There are increasing fears that a cholera outbreak in Haiti, which has already killed more than 300 people so far, may have reached the capital, Port-au-Prince.
There are suspected cases on the edges of city and within it. Test samples have been sent to a private laboratory for confirmation that it is the deadly disease. UN officials say the symptoms appear to fit with what has been seen elsewhere in Haiti.
A local girl living in the slums of Port-au-Prince has been diagnosed with the disease.
Al Jazeera's Seb Walker, reporting from the city, said neighbourhoods such as Cite Soleil, with "appalling sanitation levels", had been a concern ever since the first cholera cases in Haiti were reported last week.
"We have been monitoring very closely the spread of this disease and it has been seen to get closer and closer to the capital," he said.
Separately, doctors at a clinic in Arcahaie, a town 30km from Port-au-Prince, said they had treated more than 700 cases in recent days.
"We have isolated the strain that's been causing these cases and it's been confirmed as cholera," Iliuska Sanchez Rodriguez, a Cuban doctor, said.
UN officials say they suspect the disease could have reached Arcahaie, but they refuse to confirm any cases in the entire region, let alone in Port-au-Prince.
'Worse case scenario'
Health officials have been concerned that the disease, which causes diarrhoea, vomiting and severe dehydration, could reach Port-au-Prince where hundreds of thousands of people are living in makeshift camps following an earthquake in January.
"They really are fearing the worst here," our correspondent said.
"There is also speculation here that perhaps the Haitian authorities have been slow to announce that there is cholera in the city itself".
In preparation of the "worse case scenario" of a large-scale outbreak in the city, Haitian authorities have begun the construction of ten Treatment Centres for Cholrea (TCC) to make up for the dilapidated hospital facilities.
"That would provide extra beds for the hospitals in the city, which simply aren't in any state to be able to handle a crisis like this," he said.
A medic at a clinic in Cite Soleil told Al Jazeera that she had treated a young girl who had been admitted to a neighbourhood clinic with an acute case of diarrhoea.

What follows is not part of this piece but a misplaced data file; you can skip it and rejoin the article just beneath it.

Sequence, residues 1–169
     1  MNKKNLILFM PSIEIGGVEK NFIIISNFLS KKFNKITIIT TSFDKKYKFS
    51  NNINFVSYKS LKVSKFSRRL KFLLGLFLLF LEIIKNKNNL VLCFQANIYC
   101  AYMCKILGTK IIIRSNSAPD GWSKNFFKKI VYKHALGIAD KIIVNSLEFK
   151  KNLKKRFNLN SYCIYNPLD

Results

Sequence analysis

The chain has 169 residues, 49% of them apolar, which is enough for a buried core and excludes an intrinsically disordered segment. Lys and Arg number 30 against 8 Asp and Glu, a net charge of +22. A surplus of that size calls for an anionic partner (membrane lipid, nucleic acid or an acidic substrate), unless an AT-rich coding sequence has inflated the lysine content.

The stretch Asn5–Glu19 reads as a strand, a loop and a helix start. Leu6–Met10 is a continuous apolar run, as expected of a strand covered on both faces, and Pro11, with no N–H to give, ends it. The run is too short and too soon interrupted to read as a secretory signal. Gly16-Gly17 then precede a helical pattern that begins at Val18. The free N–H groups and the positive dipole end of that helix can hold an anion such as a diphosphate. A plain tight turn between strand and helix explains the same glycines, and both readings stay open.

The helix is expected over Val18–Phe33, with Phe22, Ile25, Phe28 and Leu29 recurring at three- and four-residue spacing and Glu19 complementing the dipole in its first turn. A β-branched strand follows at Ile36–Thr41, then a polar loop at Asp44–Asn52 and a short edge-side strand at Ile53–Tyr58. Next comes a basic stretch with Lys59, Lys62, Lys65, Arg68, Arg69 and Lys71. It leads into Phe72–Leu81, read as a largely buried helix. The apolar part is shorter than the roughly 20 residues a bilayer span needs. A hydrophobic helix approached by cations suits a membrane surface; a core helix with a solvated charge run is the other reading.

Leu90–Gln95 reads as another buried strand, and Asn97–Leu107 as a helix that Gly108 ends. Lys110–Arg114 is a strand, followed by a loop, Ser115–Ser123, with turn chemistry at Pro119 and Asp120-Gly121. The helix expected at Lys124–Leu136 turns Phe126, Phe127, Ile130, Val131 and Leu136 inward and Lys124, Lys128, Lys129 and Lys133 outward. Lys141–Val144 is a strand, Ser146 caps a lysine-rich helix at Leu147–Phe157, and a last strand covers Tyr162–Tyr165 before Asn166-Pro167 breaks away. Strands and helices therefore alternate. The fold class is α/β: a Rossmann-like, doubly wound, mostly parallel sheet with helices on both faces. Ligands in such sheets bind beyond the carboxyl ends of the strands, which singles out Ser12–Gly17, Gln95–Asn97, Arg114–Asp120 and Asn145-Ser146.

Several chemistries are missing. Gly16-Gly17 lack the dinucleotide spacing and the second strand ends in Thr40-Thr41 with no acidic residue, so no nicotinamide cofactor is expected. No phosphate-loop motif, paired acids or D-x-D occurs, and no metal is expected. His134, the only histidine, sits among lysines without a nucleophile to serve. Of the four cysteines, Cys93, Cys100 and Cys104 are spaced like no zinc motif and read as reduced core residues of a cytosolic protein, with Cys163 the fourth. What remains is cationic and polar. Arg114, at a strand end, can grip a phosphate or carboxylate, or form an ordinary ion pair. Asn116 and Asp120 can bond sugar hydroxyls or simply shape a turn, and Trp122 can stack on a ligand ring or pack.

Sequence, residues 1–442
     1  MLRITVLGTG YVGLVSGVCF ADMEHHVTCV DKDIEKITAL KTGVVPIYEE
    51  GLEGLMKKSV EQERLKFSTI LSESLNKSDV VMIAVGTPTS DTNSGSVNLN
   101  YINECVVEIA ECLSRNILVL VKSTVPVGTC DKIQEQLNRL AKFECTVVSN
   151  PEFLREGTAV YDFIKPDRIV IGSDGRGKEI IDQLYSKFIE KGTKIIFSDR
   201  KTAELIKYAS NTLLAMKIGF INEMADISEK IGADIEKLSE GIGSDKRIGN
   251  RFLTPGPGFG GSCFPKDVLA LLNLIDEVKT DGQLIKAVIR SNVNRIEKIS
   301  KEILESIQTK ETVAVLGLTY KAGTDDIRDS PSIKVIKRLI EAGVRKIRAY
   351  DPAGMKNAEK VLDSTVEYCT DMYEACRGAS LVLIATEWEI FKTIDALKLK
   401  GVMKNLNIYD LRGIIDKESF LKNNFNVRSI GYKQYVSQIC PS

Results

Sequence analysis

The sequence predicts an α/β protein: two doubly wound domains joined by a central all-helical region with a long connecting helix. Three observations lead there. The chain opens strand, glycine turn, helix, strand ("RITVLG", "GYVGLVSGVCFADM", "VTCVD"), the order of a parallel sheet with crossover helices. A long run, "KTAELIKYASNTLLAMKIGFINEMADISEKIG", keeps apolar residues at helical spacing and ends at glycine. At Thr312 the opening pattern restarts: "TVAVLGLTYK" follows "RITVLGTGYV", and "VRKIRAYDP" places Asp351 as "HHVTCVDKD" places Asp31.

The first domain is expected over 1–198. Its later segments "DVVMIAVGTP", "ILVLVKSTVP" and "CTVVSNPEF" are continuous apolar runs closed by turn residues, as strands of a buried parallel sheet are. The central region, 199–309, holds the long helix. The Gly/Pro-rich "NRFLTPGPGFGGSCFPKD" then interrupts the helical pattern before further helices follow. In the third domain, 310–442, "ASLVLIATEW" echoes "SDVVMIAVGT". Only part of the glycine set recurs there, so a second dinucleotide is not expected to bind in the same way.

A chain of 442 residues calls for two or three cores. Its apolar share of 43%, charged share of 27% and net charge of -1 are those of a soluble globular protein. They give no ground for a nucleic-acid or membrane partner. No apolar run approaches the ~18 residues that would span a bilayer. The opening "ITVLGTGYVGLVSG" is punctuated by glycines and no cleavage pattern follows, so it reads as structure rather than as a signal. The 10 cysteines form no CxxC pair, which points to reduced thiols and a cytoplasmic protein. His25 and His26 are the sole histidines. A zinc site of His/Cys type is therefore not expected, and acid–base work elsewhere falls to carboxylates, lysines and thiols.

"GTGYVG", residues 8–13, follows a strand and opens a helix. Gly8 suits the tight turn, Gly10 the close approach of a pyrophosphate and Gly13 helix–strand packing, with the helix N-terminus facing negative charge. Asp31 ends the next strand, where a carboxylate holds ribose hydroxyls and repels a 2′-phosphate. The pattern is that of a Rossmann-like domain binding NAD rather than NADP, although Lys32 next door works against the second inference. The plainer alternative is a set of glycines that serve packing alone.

"This is a patient that had never travelled out of Cite Soleil. She was local to the community and had not left, which is very concerning really because a lot of cases throughout the country are actually people who've been travelling," Kara Gibson, a doctor at the Samaritan's Purse Clinic, said.
Health officials said that the capital should prepare for a possible outbreak and people have been urged to maintain a strict hygiene regime and seek treatment at the first sign of symptoms.
"If cholera spreads in the city, it's going to be extremely difficult to deal with and many people could die. This is what we are hearing from health officials all the time," Al Jazeera's Walker reported from Port-au-Prince.
Clinics have been operating beyond capacity around the Artibonite river, which is carrying the deadly cholera bacteria across the country to the Caribbean coast at Saint Marc, the outbreak's epicentre, about 100km north of Port-au-Prince.
The source of the outbreak has not been confirmed, but there have been accusations that excrement from a newly arrived unit of UN peacekeepers from Nepal caused the epidemic.
Vincenzo Pugliese, a mission spokesman, said officials had collected samples from the base on Friday which tested negative for cholera and the mission's military force commander ordered the additional tests to confirm. He said no members of the Nepalese battalion have the disease.
Claire-Lise Chaignat, the head of the World Health Organisation's cholera task force, said any speculation about the source of the outbreak was "premature".
"We don't know where the germ is coming from," she told Al Jazeera.
"The speculation about the UN troops from Nepal having brought the disease to Haiti seems very unlikely.
"The way for the troops to be transported from Nepal to Haiti is long enough that the disease would have declared itself before they reached Haiti.
"We also know that troops and armies normally live in good sanitary conditions and are not exposed to conditions which are conducive to getting cholera."
But local politicians, including a powerful senator and the mayor of Mirebalais, are pointing the finger at the Nepalese peacekeeping base, which is perched above a source of the Meille river, a tributary to the Artibonite river on Haiti's central plateau.